Two prose books I’d recommend are Hilary Plum’s Strawberry Fields (Fence) and Caren Beilin’s Spain (Rescue Press). For a taste of their intelligence and humor, check out the interviews between the two of them at the Fence blog. 

Three other wonders I encountered this year were Wild Milk by Sabrina Orah Mark (Dorothy), Hot Milk by Deborah Levy (Bloomsbury), and Milk by Dorothea Laskey (Wave Books).

Tuesday
Nov062018

“The Underground Laundromat”: An Interview with Paul Albano

Paul Albano is from Milwaukee, WI. His work can be found in cream city review, Paper Darts, and Whiskey Island Magazine. He teaches English at the University of Alabama.

His story, “Nation of Cavaliers,” appeared in Issue Ninety-Nine of The Collagist.

Here, he speaks with interviewer Andrew Farkas about vampiric dental mutilation, the ice floe approach to short fiction writing, and unobtrusiveness.

Please tell us about the origins of “Nation of Cavaliers.” What sparked the initial idea and caused you to start writing the first draft?

It was initially written as a companion piece to another story featuring most of the same characters on another leg of their journey. I’m not sure what the catalyst for that story was, but I remember composing the initial shell of it during the many, many hours I spent waiting for, and riding on, trains and buses around the city—so my guess would be all of that stuff and boredom. 

The version of Chicago you present in your story is a combination of the real one and of a ruinous, seemingly diseased nightmare city. And yet none of the characters are bothered by the terrors that surround them. Why did you decide to portray Chicago this way? And what do you think this portrayal does for your story?

I’ve long been fascinated with depicting things as heightened versions of themselves, particularly with Chicago—which always seems to be teetering on the edge of nightmarish self-parody. For “Cavs,” the ambition is to use the setting to propel the primary emotional arc of the story—one character’s belated realization that he lives inside a nightmare—through the accumulation of madness and despair forever floating around the periphery.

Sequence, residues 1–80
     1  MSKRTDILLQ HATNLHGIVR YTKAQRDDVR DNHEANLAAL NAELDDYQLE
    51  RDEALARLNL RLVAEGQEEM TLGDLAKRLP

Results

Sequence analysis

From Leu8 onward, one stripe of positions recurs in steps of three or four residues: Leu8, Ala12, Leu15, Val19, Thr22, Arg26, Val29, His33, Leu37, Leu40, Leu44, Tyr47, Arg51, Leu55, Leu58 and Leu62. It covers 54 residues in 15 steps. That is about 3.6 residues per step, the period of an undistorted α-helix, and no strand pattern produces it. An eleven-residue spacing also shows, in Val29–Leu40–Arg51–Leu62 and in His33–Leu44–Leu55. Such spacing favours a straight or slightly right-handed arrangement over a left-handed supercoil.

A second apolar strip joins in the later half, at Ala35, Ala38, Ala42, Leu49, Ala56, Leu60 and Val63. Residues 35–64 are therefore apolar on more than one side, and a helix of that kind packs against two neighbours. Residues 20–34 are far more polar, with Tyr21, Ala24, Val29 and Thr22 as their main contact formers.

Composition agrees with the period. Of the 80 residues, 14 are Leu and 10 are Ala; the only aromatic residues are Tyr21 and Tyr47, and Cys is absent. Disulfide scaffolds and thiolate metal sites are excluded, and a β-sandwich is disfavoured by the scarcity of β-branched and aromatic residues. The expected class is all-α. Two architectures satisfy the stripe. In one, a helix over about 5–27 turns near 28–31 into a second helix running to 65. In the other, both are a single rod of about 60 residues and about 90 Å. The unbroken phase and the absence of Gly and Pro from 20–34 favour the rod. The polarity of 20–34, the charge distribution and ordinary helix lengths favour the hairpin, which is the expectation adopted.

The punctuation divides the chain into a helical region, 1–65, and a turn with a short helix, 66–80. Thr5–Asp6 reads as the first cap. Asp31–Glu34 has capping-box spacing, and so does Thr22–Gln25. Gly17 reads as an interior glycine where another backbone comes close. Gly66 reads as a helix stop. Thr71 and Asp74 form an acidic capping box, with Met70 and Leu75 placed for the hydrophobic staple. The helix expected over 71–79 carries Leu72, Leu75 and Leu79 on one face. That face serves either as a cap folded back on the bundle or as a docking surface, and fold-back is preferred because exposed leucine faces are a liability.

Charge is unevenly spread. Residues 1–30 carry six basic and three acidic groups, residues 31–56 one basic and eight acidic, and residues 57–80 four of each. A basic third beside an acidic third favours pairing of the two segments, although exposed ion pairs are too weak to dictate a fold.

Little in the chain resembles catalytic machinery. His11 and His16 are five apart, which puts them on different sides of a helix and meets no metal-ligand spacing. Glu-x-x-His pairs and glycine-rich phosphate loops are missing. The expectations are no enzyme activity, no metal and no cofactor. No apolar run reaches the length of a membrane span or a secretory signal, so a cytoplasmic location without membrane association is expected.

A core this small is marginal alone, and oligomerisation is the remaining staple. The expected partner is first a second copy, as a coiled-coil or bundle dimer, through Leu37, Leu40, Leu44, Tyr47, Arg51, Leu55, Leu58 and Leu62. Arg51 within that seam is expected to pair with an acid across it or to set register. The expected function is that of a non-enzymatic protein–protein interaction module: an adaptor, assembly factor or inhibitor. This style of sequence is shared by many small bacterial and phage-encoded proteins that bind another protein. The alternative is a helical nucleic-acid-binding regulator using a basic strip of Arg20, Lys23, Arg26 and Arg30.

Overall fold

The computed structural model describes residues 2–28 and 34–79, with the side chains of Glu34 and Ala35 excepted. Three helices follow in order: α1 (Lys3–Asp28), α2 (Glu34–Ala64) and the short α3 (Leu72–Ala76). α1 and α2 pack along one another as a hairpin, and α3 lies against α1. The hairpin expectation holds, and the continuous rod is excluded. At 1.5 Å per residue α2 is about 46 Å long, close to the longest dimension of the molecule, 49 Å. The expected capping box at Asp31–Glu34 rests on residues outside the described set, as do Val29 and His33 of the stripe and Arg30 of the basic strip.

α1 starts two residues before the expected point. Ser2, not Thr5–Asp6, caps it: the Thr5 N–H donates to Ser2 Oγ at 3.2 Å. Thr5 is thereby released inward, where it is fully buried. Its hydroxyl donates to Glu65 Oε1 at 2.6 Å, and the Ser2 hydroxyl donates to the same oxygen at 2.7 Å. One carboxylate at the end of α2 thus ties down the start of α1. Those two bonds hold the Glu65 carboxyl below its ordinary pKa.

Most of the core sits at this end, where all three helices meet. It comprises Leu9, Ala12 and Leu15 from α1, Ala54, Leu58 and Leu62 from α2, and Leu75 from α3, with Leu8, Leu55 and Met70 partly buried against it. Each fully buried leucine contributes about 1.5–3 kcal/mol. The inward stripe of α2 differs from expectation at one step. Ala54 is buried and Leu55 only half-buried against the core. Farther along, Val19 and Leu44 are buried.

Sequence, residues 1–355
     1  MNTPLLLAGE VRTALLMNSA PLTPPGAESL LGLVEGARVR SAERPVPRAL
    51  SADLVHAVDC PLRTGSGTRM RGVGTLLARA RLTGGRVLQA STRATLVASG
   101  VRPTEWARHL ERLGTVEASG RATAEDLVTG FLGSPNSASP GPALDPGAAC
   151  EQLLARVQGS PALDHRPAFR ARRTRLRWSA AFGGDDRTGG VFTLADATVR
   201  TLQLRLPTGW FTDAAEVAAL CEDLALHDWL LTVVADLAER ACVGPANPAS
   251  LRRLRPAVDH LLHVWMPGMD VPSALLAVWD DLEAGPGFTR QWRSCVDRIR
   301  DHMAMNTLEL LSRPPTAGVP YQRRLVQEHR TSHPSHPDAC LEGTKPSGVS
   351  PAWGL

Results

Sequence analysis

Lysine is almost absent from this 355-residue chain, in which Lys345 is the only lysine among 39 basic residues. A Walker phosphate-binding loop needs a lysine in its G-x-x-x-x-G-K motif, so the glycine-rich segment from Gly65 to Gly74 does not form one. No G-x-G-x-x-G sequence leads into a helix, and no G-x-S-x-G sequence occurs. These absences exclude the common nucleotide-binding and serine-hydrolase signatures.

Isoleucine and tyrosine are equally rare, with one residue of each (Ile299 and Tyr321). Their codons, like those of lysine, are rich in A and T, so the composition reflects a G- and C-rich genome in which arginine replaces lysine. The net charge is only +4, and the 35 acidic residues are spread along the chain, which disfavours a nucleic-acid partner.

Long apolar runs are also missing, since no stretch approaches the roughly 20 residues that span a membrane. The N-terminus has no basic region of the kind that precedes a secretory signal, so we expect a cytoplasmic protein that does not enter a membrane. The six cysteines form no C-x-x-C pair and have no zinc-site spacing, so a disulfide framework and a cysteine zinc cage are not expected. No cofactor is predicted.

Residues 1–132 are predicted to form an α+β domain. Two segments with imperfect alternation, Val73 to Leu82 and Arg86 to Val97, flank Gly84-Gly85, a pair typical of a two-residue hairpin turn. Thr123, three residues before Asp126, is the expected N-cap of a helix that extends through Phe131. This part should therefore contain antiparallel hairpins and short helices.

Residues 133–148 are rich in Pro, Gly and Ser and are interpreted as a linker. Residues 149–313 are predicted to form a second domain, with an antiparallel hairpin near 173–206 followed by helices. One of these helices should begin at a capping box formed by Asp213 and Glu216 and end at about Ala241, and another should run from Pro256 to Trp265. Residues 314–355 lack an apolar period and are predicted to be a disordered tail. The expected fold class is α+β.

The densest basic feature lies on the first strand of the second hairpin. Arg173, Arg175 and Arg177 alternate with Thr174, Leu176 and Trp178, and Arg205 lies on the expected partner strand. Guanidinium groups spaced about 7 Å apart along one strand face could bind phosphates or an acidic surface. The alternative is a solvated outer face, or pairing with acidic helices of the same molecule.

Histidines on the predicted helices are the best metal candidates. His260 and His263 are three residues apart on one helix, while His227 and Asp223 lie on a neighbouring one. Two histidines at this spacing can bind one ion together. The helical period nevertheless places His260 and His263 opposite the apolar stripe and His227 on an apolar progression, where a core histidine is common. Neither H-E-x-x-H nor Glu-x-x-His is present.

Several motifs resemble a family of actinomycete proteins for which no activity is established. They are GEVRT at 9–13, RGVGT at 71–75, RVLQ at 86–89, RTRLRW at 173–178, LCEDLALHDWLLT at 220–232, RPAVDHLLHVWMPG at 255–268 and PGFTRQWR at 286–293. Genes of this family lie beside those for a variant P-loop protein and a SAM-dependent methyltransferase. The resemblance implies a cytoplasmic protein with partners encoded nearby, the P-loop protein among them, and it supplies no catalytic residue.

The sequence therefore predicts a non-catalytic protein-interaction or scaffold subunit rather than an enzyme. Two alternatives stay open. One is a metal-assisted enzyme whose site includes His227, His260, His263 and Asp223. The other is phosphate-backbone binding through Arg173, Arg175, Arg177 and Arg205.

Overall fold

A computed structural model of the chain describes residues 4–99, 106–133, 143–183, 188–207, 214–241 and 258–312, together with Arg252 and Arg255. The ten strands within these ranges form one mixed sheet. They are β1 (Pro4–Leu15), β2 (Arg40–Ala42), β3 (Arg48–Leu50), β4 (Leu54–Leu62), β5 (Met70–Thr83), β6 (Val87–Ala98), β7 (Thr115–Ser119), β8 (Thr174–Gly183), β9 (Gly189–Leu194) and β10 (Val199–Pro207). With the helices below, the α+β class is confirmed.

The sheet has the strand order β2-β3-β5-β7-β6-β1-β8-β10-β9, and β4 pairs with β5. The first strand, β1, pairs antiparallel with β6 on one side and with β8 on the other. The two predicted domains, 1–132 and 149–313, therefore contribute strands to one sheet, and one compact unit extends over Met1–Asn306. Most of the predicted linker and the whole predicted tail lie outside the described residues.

In spite of the Gothic horrors in “Nation of Cavaliers,” this story is hilarious. I would even say, it’s so funny we forget, at times, that almost every living thing in the piece has mutated into some sort of monster (Mugs throughout is even consciously, although only superficially transforming himself into a vampire, no matter how insanely painful that transformation may be). What role do you think humor plays in this story, then?

Well, I suppose the intent at least is for the humor to undercut the potential dramatic moments of the story—which can build an odd tension for the characters (and hopefully even the reader)—as well as magnify the Vampiric dental mutilation and other horrors by presenting them as normal, quotidian occurrences all motivated by an internal logic.  

Unlike the lavish speech Mugs quotes from multiple times (and which supplies you with the title), the prose style here is very straightforward, economical. Even the dialogue is summarized, meaning we get almost the entire story from a first person narrator who does nothing in the piece but tell us what’s happening. Why did you choose this style for “Nation of Cavaliers,” and why did you choose to have the story narrated by a character so innocuous he’s praised at one point for his “unobtrusive presence?”